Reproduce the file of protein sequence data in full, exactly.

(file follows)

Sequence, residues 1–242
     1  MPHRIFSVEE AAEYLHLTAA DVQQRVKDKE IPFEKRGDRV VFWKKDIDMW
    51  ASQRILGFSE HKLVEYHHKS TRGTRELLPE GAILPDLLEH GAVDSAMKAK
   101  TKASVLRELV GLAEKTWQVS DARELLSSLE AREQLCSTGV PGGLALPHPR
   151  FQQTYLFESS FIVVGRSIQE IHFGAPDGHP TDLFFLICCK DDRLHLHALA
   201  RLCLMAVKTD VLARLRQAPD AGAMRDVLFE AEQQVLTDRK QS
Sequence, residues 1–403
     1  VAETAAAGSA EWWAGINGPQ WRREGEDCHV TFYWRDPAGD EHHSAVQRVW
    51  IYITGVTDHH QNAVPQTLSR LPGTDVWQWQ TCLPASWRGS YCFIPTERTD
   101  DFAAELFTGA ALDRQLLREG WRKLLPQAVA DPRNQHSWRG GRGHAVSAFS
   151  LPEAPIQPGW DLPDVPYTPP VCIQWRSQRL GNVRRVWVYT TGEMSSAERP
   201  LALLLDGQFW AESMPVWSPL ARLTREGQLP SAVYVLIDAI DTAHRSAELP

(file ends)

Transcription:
Sequence, residues 1–242
     1  MPHRIFSVEE AAEYLHLTAA DVQQRVKDKE IPFEKRGDRV VFWKKDIDMW
    51  ASQRILGFSE HKLVEYHHKS TRGTRELLPE GAILPDLLEH GAVDSAMKAK
   101  TKASVLRELV GLAEKTWQVS DARELLSSLE AREQLCSTGV PGGLALPHPR
   151  FQQTYLFESS FIVVGRSIQE IHFGAPDGHP TDLFFLICCK DDRLHLHALA
   201  RLCLMAVKTD VLARLRQAPD AGAMRDVLFE AEQQVLTDRK QS
Sequence, residues 1–403
     1  VAETAAAGSA EWWAGINGPQ WRREGEDCHV TFYWRDPAGD EHHSAVQRVW
    51  IYITGVTDHH QNAVPQTLSR LPGTDVWQWQ TCLPASWRGS YCFIPTERTD
   101  DFAAELFTGA ALDRQLLREG WRKLLPQAVA DPRNQHSWRG GRGHAVSAFS
   151  LPEAPIQPGW DLPDVPYTPP VCIQWRSQRL GNVRRVWVYT TGEMSSAERP
   201  LALLLDGQFW AESMPVWSPL ARLTREGQLP SAVYVLIDAI DTAHRSAELP